Let the engine have some proper break-in first, enjoy your car and then check if you are actually happy the way it is or if you want more.

Cheers and enjoy your new 3! :)
 

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how much they are charging for it?

Im looking for a reflash but I cannot find a place... heard here a OTV but they are out of business momentarily...
 

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What most if not all OEM’s are doing, is transferring warranty approval from the dealership to a regional warranty approval supervisor almost always above a certain dollar amount and for suspected cases of tampering with your powertrain. In GM’s world if you blow up a motor, the first place GM is going to look is into your ECU. They will determine, as @arathol noted, how many times your ECU has been reflashed and second, on at least on Corvette, Camaros and Cadillac CTS-V’s, etc, what was the maximum power your engine developed. If say 5% above factory level, no issue, but if 20% above what the powertrain was tested to and factory developed, do not expect GM to pay for your blown motor or tranny.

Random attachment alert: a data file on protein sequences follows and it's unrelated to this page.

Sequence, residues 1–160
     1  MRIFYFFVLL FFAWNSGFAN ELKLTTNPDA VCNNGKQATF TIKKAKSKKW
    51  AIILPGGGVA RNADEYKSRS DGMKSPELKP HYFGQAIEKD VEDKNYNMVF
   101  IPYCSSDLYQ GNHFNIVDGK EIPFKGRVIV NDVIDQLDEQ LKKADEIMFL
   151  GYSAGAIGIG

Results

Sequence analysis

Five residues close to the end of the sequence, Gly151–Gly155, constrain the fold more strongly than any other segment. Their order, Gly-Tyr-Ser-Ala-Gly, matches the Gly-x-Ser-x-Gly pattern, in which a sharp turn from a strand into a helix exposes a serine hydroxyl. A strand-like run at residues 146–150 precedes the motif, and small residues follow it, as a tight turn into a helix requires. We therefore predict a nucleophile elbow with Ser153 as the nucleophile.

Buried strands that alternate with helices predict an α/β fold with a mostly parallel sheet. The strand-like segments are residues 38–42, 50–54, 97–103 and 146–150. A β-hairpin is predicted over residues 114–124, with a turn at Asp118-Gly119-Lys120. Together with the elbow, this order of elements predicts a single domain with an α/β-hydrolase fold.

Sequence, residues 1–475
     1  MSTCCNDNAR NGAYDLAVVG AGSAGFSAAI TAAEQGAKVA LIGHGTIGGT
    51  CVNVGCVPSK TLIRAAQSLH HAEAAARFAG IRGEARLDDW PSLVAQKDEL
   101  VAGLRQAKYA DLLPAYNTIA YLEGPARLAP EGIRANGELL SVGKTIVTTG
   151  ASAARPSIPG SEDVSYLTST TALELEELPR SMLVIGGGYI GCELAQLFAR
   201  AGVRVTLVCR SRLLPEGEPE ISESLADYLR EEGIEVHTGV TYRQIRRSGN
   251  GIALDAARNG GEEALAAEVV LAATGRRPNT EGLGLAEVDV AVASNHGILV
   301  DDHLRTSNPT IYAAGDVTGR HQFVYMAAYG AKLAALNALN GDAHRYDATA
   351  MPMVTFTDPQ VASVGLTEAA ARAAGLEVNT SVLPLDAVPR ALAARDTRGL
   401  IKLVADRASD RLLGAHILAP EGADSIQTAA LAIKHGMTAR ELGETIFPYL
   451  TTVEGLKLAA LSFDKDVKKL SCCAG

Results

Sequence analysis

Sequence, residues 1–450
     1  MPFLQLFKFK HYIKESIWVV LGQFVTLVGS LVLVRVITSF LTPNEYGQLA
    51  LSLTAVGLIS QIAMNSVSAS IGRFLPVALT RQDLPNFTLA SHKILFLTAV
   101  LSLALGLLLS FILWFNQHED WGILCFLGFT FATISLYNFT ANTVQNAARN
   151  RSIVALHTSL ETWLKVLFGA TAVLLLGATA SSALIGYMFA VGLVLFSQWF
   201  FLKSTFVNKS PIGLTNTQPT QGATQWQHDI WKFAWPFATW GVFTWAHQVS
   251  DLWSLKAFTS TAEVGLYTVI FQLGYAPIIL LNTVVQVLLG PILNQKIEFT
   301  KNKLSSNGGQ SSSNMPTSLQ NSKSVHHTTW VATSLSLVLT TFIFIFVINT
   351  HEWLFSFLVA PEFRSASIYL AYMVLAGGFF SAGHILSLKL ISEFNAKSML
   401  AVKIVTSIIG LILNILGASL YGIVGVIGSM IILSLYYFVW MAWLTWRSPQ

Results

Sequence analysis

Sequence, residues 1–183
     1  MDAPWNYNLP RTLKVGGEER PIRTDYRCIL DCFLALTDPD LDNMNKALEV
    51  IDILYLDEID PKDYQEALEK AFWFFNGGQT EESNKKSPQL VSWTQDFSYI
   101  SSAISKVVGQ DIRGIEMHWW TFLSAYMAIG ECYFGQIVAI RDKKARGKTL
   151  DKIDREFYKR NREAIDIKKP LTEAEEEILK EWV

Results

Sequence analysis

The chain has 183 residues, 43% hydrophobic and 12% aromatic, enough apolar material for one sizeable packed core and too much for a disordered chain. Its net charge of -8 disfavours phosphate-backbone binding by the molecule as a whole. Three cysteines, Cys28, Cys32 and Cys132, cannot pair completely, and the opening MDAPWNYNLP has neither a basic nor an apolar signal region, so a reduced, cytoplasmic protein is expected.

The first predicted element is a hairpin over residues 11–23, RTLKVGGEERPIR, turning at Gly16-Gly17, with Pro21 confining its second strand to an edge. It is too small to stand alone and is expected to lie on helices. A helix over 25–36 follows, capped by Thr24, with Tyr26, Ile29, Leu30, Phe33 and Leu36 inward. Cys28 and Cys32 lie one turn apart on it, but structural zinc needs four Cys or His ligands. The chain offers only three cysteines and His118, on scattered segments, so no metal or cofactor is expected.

Why? Because they got tired of dealer A so sells 5 pickups annually to his friend B who uses them for his construction business, wrecking powertrains on friend B’s souped up sports cars — with dealer A approval all warranty repairs.

Again as noted above, to control the cost of warranty repairs, brands now have transferred approval for certain types of warranty work to the regional warranty approval supervisor.

There is an old expression about modding a OEM vehicle, ”if you play, be prepared to pay.

Many take the chance, the old “the aftermarket manufacturer told me the dealer could never tell I did my mod,” or another one, “I will not have any problems on my car.”